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Florida Fish and Wildlife Conservation Commission
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March 13, 2024

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Wildlife is more active in spring

With many wildlife species becoming more active this time of year, the Florida Fish and Wildlife
Conservation Commission (FWC) is sharing ways that residents and visitors can help conserve
our native species while also preventing potential conflicts.

Several species of wildlife become more active in the springtime for important needs such as
migration, breeding, feeding and nesting. This increased natural activity often results in people
being more likely to encounter our wildlife while enjoying the outdoors. To avoid disrupting
important natural behavior and to prevent conflicts with native species, following some simple
tips will help conserve our state’s wildlife during spring and beyond:

Injured and Orphaned Wildlife – Generally, if you find a young animal, such as a fawn or
fledgling, it is best to leave it alone. Young animals are rarely orphaned; a parent may be nearby
searching for food. You can report common wildlife you think could be injured or orphaned to a
licensed wildlife rehabilitator. For further guidance, you can contact the nearest FWC Regional

Nesting Waterbirds – Shorebirds, sea birds and wading birds start nesting this time of year
and you can help by keeping your distance while on the beach or on the water. If birds become
agitated or leave their nests, you are too close. When on the beach, keep an eye out for and a-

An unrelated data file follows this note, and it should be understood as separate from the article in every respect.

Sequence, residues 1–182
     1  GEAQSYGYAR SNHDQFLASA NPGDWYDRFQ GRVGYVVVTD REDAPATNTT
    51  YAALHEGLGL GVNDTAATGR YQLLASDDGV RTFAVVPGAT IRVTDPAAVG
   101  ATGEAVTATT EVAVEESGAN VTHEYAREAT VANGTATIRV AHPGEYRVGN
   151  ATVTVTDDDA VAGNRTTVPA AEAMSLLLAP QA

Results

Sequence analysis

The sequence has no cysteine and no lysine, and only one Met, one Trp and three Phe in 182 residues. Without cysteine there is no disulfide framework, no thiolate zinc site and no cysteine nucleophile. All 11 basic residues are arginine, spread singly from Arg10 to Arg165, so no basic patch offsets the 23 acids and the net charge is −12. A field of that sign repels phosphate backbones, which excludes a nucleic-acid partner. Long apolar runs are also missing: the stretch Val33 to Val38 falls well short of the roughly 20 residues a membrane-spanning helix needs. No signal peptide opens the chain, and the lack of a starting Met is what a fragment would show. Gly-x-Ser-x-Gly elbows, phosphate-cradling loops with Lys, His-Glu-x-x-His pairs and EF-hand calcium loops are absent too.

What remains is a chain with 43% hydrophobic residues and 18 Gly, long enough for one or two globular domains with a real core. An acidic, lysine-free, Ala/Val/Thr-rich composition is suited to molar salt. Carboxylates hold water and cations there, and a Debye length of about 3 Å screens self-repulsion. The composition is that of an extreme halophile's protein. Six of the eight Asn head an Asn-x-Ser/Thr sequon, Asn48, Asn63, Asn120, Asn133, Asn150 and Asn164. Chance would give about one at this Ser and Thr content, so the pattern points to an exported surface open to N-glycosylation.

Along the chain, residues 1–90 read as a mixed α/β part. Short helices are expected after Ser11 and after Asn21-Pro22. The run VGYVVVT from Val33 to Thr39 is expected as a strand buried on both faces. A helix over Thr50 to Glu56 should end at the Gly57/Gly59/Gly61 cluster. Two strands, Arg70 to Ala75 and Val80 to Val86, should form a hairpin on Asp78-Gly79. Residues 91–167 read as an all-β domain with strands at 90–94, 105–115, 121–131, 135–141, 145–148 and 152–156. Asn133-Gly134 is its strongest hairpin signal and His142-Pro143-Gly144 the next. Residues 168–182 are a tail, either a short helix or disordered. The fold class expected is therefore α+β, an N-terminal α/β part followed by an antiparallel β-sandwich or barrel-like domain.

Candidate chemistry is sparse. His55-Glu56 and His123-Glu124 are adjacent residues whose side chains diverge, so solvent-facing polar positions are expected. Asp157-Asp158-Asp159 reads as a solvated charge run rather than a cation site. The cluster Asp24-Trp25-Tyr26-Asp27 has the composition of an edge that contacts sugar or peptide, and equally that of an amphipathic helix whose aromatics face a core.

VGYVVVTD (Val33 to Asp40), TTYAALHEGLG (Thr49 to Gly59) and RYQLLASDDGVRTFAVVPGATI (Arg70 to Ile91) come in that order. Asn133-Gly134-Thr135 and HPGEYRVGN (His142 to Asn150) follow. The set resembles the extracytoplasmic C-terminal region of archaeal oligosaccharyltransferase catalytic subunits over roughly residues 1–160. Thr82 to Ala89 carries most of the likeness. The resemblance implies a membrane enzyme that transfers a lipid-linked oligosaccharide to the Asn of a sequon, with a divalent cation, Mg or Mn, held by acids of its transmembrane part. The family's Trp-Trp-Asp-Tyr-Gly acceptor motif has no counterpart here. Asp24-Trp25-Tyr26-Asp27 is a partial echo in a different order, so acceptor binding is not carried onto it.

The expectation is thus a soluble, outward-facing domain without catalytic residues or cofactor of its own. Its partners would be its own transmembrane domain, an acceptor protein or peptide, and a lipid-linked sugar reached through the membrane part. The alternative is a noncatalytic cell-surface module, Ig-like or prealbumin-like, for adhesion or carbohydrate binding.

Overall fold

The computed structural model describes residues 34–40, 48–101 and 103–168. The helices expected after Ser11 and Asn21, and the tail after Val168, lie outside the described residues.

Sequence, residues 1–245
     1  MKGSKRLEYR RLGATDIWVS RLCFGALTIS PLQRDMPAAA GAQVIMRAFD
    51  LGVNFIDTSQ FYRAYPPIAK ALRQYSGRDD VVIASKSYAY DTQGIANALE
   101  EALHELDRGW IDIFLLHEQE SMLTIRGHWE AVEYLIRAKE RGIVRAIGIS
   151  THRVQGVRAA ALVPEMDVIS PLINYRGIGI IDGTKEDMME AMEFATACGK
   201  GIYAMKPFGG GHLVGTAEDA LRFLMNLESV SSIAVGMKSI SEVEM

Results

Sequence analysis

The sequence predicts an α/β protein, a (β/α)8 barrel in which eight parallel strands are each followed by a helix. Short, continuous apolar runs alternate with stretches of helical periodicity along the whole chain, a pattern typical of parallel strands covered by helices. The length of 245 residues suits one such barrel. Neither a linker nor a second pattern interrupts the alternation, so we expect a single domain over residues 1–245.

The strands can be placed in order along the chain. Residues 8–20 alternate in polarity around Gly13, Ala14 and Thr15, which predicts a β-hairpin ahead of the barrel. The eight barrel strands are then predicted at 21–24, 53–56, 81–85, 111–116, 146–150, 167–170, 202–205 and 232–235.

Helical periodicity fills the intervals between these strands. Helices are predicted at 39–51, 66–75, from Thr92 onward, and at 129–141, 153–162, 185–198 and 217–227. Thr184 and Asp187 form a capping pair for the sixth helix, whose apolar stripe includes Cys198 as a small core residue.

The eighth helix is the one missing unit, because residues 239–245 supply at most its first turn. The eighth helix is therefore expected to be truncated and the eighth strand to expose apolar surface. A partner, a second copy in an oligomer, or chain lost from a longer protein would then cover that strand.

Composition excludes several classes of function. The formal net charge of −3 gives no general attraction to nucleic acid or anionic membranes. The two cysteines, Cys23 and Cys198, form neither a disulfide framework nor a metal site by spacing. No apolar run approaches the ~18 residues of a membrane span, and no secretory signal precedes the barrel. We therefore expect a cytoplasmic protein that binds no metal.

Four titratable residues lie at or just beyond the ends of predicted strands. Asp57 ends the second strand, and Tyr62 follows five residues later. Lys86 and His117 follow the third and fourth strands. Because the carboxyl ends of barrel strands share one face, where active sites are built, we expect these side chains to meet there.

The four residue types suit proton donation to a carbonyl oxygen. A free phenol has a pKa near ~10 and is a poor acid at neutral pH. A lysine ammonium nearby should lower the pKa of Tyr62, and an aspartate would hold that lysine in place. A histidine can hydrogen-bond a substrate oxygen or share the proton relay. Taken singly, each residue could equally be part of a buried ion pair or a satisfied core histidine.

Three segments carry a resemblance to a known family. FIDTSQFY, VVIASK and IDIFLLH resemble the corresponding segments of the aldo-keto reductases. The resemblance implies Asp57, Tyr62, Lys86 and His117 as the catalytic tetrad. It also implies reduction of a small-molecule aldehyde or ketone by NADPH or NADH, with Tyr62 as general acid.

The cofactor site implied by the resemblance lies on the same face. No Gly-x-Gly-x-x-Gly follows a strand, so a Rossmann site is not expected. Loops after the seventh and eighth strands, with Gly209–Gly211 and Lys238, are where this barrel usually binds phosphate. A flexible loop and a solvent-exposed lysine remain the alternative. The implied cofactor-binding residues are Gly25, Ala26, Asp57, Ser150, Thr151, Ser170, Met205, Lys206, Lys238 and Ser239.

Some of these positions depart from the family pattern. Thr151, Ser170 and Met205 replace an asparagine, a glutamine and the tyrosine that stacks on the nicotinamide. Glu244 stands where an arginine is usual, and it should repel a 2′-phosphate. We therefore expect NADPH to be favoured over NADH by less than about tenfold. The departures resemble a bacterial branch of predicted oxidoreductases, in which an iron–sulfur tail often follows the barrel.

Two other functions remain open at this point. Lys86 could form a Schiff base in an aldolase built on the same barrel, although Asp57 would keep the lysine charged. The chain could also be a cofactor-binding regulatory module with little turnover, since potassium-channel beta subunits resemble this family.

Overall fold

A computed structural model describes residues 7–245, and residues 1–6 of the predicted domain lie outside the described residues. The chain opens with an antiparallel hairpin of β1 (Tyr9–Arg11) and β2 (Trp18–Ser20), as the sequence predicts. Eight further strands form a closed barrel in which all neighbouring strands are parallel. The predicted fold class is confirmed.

void shorebird eggs and chicks, which are well-camouflaged in shallow nests in the sand and
shells. Wading birds, such as herons and egrets, and pelicans also are nesting now on man-
groves and tree islands.

Bats – Bat maternity season, the time when bats start to give birth and raise their young, runs
from April 16 through Aug. 14. During bat maternity season it is illegal to block bats from their
roosts. If bats are excluded during maternity season, flightless baby bats could be trapped inside
structures. April 15 is the last day to legally exclude bats from your home or building without a
permit. This is the time to do final spring checks of your home for any entry points, ensure that
no bats are present and make any necessary repairs. If bats are found, take steps to properly in-
stall a bat exclusion device before bat maternity season begins. Exclusion devices, which allow
bats to exit a structure but block them from returning to roosts, are the only legal and appropriate
method to remove bats from your home or building.

Sea Turtles – These large marine turtles start nesting on Florida beaches in spring. You can help
by keeping beaches dark at night and free of obstacles during their March through October nesting
season. Artificial lighting can disturb nesting sea turtles and disorient hatchlings, so avoid using
flashlights or cellphones on the beach at night. Turn out lights or close curtains and shades in build-
ings along the beach after dark to ensure nesting turtles aren’t disturbed. Clear away beach gear at